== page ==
Let’s think about the different ways the Bible describes the church. One thing I want to encourage you to remember is that although there is the church across time and space, this church is only visible in an individual gathering of believers. So in a real sense, I think Tom Schreiner or Don Carson once wrote, ‘Each local church is a full expression of the church universal.’ So the church is not described as a group of friends. This is essential, because we often start here. I know we moved back to ANBC with an understanding that knowing people and Ami having long-time friends here would help ease the transition as we began this new vocation. It didn’t really, it’s been quite heavy and lonely. But this isn’t what the church is about. Jesus reminds us, ‘If you love those who love you, what benefit is that to you? For even sinners love those who love them.’ The church is not a place of people who (already, naturally) love one another. The church is also not a place where a group of people all come from the same demographic. Ami’s church growing up was formed and was constituted as a homogenous group of people who did the same sorts of things. ‘Uniformity in a church doesn’t make it correct,’ and I think it will often permit more sin to be hidden, leading to destruction to souls.
Instead, the church is described as a body. A body is stuck all together, and I think it’s a more accurate picture. There are parts of my body, I’m not happy with. The toe jam in my toes is not pleasing to my nose. I could go on, but I know you don’t want to hear the nitty-gritty. But you can’t just say no to one body part or the other. Instead, the differences between us are for our mutual aid (or the Orthodox Catechism says, ‘our mutual commodity.’)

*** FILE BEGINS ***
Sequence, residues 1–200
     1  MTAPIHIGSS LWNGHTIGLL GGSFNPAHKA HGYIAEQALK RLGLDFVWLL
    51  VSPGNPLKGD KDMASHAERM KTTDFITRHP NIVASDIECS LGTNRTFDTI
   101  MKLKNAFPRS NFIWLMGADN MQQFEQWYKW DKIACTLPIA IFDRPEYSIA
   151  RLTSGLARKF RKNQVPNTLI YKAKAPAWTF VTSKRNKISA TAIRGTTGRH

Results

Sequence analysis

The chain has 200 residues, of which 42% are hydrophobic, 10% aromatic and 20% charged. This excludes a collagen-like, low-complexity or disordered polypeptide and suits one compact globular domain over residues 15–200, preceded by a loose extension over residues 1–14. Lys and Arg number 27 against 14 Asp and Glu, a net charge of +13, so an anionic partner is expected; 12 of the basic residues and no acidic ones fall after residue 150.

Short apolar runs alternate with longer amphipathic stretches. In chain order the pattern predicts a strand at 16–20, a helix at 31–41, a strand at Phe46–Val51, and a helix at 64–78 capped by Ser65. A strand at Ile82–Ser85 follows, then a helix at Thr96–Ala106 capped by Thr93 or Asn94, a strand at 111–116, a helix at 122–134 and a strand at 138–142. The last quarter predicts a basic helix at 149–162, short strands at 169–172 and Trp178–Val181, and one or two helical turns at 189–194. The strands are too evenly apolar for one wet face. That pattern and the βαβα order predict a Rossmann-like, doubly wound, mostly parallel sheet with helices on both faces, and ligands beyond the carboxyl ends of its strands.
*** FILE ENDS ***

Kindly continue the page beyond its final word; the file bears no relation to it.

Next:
The church is also described as a family. In a similar way, we can’t declare ourselves separate from a family. Just like you might have the crazy great aunts, the sweet grandmother, the difficult cousin, and funny uncle, so in the church we are all members of the same family, each with our own role to accomplish. Which I think gets to my point I brought out in my answer to my in-laws. The church is a multi-generational entity, which means, we foreseeably might have a single dad, a widow, a family with teens, and a young couple. In the church growth movement (including Crystal Cathedral, Willow Creek, and Saddleback), there was this value (which I think is extremely problematic) that has infected the whole church, which is that a church should aim at individual demographics. So now we have a biker church, a cowboy church, and a church with a multi-million dollar children’s wing. Instead, while we can’t choose who is a part of our congregation, and sometimes we begin with one kind of person or another, we shouldn’t pursue a flat demographic. Why? I think we begin to assume that in our external similarity, we are more perfect than we actually are. And we end up so easily neglecting those who are a part of our body today but don’t look like us. Just like you shouldn’t neglect your great aunt, we must take care not to avoid those we feel are a little off their rockers within our local body. We are the first line of defense in loving the unlovely in our local congregation.